As members of a small but well-established program, The University of New Mexico’s Formula Society of Automotive Engineers (FSAE) team members always know it’s a bit of an uphill battle competing against some of the largest and best-financed programs in the world.
But if adversity does indeed make you stronger, UNM’s team is made of steel and ready to take on the world.
The team will show its mettle June 20-23 at the Formula SAE competition in Lincoln, Neb.
This year’s team has the advantage of experience. For the second year in a row, the team leader is Jonathon Abeyta, a mechanical engineering senior, who went to Lincoln last year. But it was not the original plan to have Abeyta lead the team again. That decision came abruptly in early-winter, when the team leader stepped down, so the rest of the team members had to pull together to get the job done.
“They’re engineers. They solve problems,” said John Russell, professor of mechanical engineering and director of the program.
The program is well-tested, with two decades of design, building and racing experience under its belt. The team has been ranked as high as fifth best out of 125 in the United States and no. 18 of 500 in the world.
The last few years have been rough on the team, however. Russell says it’s a constant challenge to compete in an arena where many teams are extremely well-financed, especially overseas programs. As others get better, the bar is raised every year, making it all the more challenging for a program like UNM’s to compete.
Last year, the program added Mike Arnold, a racing veteran who worked for years with Al Unser Jr., a two-time Indy 500-winning driver, as lab manager. Arnold helped the team with the building, design and fabrication of the car and implemented important changes in the shop so it was run more like a professional racing team.
Although there are loyal donors to the program, the team for years has realized the need for a bigger workspace and updated equipment. The car is currently built in the cramped space in the basement of the Mechanical Engineering Building. Arnold has helped to better organize and maximize the space, but they have been limited in what they can do in the shop.
But this spring, the program received a $1.5 million gift from the estate of School of Engineering alumnus Dana C. Wood. The money will go toward a 7,000-square-foot space on the north end of the basement of the Farris Engineering Center that will be dedicated to the FSAE program.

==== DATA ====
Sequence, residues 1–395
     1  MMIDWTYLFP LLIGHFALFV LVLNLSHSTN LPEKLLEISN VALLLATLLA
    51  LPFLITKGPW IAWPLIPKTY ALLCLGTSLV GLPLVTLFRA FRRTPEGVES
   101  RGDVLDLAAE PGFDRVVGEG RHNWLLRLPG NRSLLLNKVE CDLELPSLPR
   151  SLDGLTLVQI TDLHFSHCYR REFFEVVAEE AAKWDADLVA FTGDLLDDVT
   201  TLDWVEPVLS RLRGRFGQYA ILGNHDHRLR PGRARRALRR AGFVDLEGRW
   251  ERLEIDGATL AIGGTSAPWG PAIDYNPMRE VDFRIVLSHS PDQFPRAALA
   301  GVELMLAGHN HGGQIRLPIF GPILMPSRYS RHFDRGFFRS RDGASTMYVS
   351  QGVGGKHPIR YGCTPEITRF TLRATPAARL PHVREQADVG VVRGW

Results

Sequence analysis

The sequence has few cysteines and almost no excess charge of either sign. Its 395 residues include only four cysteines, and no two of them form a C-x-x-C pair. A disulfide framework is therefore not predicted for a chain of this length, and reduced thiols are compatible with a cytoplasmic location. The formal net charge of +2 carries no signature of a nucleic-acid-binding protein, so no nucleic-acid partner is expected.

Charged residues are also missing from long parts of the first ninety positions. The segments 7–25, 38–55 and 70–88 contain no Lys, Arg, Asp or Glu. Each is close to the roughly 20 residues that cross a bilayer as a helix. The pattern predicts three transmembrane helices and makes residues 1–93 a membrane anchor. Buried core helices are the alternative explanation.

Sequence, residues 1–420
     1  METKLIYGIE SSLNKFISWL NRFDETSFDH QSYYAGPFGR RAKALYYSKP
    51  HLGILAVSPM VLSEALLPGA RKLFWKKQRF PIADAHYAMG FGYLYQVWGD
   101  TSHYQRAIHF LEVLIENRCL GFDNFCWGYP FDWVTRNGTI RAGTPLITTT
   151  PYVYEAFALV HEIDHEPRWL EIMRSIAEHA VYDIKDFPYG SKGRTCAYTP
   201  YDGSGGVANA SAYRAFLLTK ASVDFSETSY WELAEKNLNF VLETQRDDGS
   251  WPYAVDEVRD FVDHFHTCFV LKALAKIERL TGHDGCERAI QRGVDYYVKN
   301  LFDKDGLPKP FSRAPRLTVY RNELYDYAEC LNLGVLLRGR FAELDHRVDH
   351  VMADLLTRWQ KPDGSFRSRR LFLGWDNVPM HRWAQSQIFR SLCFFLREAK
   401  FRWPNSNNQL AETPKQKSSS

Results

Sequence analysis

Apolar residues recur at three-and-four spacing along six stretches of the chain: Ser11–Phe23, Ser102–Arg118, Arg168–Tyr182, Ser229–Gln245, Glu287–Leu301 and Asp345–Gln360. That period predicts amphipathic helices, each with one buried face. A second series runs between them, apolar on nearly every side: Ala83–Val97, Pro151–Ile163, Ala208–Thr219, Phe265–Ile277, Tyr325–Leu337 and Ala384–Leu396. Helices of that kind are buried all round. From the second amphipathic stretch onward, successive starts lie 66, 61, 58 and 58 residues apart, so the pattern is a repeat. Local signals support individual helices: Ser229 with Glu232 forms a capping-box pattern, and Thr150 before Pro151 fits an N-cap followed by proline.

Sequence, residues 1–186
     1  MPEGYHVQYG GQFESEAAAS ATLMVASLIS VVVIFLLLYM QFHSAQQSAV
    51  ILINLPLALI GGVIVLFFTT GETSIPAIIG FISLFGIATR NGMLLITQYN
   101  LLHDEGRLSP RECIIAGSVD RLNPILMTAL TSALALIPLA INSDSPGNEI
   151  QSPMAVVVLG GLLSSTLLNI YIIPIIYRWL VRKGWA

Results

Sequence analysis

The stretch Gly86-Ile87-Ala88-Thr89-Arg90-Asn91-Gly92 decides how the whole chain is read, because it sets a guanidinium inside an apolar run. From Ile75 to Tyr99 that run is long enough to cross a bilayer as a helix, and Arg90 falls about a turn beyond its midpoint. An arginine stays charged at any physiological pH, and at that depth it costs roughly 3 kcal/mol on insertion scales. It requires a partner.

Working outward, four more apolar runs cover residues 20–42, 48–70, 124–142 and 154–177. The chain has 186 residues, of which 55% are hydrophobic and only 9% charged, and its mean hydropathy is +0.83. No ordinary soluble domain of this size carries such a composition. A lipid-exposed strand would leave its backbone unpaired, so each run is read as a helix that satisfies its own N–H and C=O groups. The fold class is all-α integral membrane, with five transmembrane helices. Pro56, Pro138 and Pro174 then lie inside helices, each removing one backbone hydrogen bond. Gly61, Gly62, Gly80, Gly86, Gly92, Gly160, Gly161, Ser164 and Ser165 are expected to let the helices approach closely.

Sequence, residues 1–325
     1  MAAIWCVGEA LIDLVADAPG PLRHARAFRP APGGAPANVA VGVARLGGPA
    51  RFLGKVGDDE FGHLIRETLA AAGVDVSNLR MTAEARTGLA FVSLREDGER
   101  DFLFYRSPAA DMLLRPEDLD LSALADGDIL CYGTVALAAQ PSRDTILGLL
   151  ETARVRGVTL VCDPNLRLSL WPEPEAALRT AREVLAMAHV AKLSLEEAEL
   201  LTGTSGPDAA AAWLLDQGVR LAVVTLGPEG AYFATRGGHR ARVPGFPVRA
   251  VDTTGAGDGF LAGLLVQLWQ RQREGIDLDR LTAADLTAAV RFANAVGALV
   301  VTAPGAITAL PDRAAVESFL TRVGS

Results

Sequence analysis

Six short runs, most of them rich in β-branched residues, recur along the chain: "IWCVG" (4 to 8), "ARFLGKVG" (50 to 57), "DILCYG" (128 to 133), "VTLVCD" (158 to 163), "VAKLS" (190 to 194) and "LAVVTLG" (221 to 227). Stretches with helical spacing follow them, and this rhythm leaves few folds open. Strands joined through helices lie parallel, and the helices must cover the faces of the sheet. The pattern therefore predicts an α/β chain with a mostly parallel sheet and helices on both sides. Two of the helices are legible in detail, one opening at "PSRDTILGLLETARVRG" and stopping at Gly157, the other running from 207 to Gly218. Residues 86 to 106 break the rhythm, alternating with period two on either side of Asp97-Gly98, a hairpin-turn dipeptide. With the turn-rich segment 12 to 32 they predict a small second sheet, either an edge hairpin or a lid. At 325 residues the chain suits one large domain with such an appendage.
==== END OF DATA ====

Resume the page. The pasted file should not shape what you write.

Russell said plans are already under way to solidify design and construction contractors for the project. It is anticipated that the new lab will be completed by August 2019.
In the meantime, the team is excited about the future but focused on the present. Last year, the car had reliability issues, so they decided to go back to basics and make a simpler-designed engine that kept the same horsepower but is more consistent, said Erich Schwaller, systems head and technical lead on this year’s team.
Schwaller, who attended the competition in Lincoln last year, said that although many teams have more resources, he came back feeling optimistic and encouraged about the state of UNM’s program.
“It was a really positive experience and we learned a lot,” he said. “It’s also very collaborative at competition, so if one team needs something, another team is always there to help out.”
At the same time the team has been preparing this year’s car, they are also working on another car in the background: an electric car. Although the car is mainly just a metallic turquoise shell at this point, and probably a few years away from competing, plans are in the works, especially for next year’s team.
At the Lincoln competition, there will be 80 internal combustion cars from around the world, plus 20 electric cars, Russell said.
Marissa Martinez, a senior in mechanical engineering, will be going to Lincoln for the first time this year and will also be on 2019’s chassis team in addition to working on the electric car, including ordering pricey parts from Europe and figuring out how to budget for the building of two cars.
A lot of her job this year has been working on budgeting and, since the program has thin margins, it’s forced her to make sound engineering decisions.
“I look at everything and say, ‘Is this part worth it? Is that part worth it?’” she said.
She said the team has improved its data collection methods, so next year’s team will be able to benefit from that in making purchasing decisions — what worked and what didn’t work for the money.
“We’ll really be able to optimize next year,” she said.
Schwaller said they are encouraged by the car they’ve built thus far and are working on driver practice and in making sure the car is as sound as possible before it travels to Lincoln.
“We’re focused on making sure it’s designed correctly and are trying to break things so we will know how to fix them,” he said.
Sponsors of this year’s team include the School of Engineering, the Department of Mechanical Engineering, the Department of Electrical and Computer Engineering, US Bank, Sandia National Laboratories, Albuquerque Community Foundation and CarCrafters.
The LOBOmotorsports FSAE program is a problem-based, hands-on senior design program where over the course of three semesters, students design, build and race a small Formula-type racecar for international competition. The project includes every aspect of systems engineering, project management and teamwork seen in a government or industrial engineering development program. In a little over a year, the team takes a system from conception to operation. The program is interdisciplinary and has about 45 students on each year’s team. It is one of the few programs in the country that doesn’t operate as a club. Instead, FSAE is a for-credit alternative to a senior design project.
Click to donate to the Formula SAE car program,
To donate to the FSAE electric car, click here.